The specific features of East Asia include great differences and the contrasts of its particular territories and regions if considered from different perspectives. So, from the environmental standpoint, the macro-region houses virtually all natural zones of the Earth: from the ice Arctic deserts of North Siberia and Chukotka to the tropical forests of Indonesia. The macro-region is characterized by the most diverse combinations of the natural resources of the land and adjoining seas and oceans. In East Asia, the unique diversity of civilizations and cultures was formed including the unique Chinese, Korean, Japanese, and paleo-Asiatic ones, as well as the Russian northern indigenous nations represented by the Yakuts, Chukchi, Koryaks. Finally, in the countries of East Asia, the strong diverse political systems have emerged: presidential republics (Russia, Republic of Korea etc.), constitutional monarchies (Japan, Thailand), the countries of socialist orientation (China, Vietnam), and DPRK, a country with the communist political regime).

The differences in the levels of the social and economic development in East Asian countries are also considerable. Highly-developed countries (i.e. Japan, Singapore and Republic of Korea), dynamically developing ones (i.e. China, Malaysia, Vietnam and Russia) and less-developed states (i.e. Thailand, Laos, Myanmar, Indonesia and Philippines) are found side by side.

The critical characteristic unifying the countries and the regions of East Asia derives from their transboundary nature. Thus, a great part of the Russian Far East and Northeast China are included into the transboundary basins of the Chukchi, Bering, Okhotsk, Japan, and Yellow seas. In addition, there are several transboundary river basins in the East-Asia region including the Amur, the Ussuri, and the Tumen. The basins of the East China, South China, as well as the Philippine seas are also transboundary. According to our estimates, the transboundary regions of East Asia include practically 100% of its territory. Therefore, the transboundary phenomenon is the most important factor for East Asia combining its regions and countries into one integrated transboundary space.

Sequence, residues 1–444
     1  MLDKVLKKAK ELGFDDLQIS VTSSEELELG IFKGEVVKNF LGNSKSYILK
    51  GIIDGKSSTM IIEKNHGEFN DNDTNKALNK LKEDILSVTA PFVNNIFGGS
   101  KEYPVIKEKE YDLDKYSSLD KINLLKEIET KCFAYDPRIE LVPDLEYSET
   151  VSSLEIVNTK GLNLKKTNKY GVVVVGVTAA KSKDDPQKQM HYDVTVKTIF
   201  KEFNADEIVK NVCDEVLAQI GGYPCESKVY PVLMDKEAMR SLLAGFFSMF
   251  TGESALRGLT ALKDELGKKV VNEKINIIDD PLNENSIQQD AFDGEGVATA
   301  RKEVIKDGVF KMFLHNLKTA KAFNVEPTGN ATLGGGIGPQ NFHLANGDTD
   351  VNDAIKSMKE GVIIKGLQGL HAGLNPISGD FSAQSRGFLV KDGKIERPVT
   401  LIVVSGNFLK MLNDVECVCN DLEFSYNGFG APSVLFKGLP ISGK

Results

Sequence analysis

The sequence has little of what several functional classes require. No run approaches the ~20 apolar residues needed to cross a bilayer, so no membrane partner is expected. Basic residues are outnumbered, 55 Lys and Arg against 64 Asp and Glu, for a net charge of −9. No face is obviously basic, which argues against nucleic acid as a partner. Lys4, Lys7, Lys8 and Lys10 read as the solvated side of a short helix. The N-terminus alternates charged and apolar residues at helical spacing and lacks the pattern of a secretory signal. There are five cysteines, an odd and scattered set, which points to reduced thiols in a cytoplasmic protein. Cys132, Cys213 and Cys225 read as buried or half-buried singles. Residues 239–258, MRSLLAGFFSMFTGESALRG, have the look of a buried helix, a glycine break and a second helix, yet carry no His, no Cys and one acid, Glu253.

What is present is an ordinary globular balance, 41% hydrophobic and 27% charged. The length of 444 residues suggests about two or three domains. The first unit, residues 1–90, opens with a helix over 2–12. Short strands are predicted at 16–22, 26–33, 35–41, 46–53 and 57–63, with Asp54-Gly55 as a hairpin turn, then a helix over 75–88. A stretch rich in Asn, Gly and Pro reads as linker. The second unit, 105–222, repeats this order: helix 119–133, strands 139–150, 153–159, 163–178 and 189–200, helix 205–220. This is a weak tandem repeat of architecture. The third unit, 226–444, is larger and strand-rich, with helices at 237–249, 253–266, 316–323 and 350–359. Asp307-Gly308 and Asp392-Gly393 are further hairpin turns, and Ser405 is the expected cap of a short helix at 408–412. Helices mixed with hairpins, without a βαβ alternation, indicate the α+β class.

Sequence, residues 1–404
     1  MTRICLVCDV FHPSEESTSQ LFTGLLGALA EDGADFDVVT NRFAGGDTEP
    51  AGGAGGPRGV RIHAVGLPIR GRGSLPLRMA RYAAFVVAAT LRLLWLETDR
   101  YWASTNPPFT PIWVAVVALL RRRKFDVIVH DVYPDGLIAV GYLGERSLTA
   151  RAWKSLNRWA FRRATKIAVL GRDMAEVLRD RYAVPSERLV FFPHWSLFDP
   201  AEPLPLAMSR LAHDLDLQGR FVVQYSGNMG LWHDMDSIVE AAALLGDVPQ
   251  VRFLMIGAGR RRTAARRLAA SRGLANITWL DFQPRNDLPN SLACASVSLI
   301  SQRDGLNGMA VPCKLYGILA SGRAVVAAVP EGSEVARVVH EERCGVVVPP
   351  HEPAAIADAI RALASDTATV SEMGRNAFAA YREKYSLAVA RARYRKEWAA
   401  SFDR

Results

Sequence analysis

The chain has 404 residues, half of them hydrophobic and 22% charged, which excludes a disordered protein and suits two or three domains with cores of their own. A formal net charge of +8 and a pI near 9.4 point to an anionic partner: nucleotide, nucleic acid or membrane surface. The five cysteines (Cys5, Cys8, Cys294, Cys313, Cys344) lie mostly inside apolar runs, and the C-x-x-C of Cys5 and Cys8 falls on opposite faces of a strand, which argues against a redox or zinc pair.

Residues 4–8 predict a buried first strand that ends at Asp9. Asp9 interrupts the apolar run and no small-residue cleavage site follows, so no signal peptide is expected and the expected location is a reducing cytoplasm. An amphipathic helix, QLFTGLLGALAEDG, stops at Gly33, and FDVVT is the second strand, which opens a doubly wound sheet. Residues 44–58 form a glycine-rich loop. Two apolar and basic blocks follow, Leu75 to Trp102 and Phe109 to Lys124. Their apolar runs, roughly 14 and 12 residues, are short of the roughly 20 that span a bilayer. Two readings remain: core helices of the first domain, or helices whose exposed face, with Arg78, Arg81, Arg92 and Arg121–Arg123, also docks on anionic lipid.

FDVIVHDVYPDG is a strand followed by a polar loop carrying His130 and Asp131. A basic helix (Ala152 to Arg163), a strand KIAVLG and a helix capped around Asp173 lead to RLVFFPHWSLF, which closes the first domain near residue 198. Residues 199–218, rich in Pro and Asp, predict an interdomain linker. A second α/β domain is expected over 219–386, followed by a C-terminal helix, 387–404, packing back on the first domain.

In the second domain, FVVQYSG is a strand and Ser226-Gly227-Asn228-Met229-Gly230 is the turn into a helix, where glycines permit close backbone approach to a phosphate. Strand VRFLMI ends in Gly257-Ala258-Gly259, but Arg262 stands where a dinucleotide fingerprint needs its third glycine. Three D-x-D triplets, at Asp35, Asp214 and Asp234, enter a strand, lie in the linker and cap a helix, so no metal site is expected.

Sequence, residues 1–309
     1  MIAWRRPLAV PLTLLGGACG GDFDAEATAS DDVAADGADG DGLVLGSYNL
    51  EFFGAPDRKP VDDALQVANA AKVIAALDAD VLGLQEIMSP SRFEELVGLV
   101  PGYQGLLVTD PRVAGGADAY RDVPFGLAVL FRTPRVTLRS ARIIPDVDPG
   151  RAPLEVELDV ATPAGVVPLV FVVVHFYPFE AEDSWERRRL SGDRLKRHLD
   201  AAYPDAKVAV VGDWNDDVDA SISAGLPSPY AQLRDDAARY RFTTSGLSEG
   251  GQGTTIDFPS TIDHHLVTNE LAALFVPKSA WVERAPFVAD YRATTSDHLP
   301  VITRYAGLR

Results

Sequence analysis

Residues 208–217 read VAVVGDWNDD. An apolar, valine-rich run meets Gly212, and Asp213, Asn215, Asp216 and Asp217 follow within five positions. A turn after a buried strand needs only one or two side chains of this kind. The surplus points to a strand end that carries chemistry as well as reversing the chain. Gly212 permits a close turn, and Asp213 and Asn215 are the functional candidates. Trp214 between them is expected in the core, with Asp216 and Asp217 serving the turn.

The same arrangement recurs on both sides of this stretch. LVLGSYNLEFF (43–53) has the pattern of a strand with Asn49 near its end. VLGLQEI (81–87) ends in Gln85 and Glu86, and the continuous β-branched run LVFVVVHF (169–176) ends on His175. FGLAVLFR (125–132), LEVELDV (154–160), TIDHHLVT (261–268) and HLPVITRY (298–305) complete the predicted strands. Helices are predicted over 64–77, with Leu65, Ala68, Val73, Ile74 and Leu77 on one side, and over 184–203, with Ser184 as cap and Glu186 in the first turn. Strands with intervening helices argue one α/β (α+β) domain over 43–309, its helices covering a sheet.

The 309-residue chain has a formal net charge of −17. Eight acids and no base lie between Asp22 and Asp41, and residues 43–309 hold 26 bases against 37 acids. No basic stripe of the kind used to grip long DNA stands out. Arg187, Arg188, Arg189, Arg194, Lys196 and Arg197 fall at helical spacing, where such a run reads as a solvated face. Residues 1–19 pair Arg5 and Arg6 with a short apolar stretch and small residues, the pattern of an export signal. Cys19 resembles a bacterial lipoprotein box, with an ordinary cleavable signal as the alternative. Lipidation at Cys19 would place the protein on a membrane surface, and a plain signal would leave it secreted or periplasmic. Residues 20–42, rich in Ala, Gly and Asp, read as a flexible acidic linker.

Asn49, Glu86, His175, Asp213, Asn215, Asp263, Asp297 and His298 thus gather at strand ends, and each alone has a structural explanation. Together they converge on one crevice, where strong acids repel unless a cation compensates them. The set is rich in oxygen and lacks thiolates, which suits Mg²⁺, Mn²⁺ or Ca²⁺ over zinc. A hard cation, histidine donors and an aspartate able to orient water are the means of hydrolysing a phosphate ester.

The environmental, social-economic, cultural, and political characteristics of the macro-region combine to form a pattern that is diverse and unique. The dynamics of the separate parts and structures of this space are determined in many respects by the effect of the geographical and geopolitical factors. These factors also have different impacts on the long-term development of the countries and regions of East Asia. Such separate factors create the favorable prerequisites for the regional development, while the others restrict them. As a whole, the combined impact of the geographical and geopolitical factors and their spatial differentiation on the long-term development of the East Asia macro-region has not been practically investigated. Some works were devoted to Northeast Asia (Baklanov 2000; Geopolitical potential 2010; Larin 2016; Nature management 2005; Tkachenko 2009; Womarck Brantly 2014), the Far- Eastern region of Russia (Baklanov et al. 2016; Baklanov et al. 2015; Larin 2016), Northeast China, Vietnam (Baklanov et al. 2017; Larin 2014; Nature management 2005), the countries of Southeast Asia (Asia-Pacific 2010; Baklanov et al. 2017; Pacific Russia 2017). However, the transboundary nature of the macro-region presents additional complexity to understanding its long-term development. Therefore, the task of this paper is to make an aggregated assessment of the geographical and geopolitical factors and their role in the long-term development of the macro-region.

RESULTS AND DISCUSSION

The main geographical and geopolitical factors

The geographical factors exerting a significant influence on the long-term development of the macro-region include their geographical and economic-geographical positions, the effect of the natural-climatic conditions due to their spatial differentiation, as well as a natural-resource potential in the form of the territorial and aqua-territorial combinations of natural resources.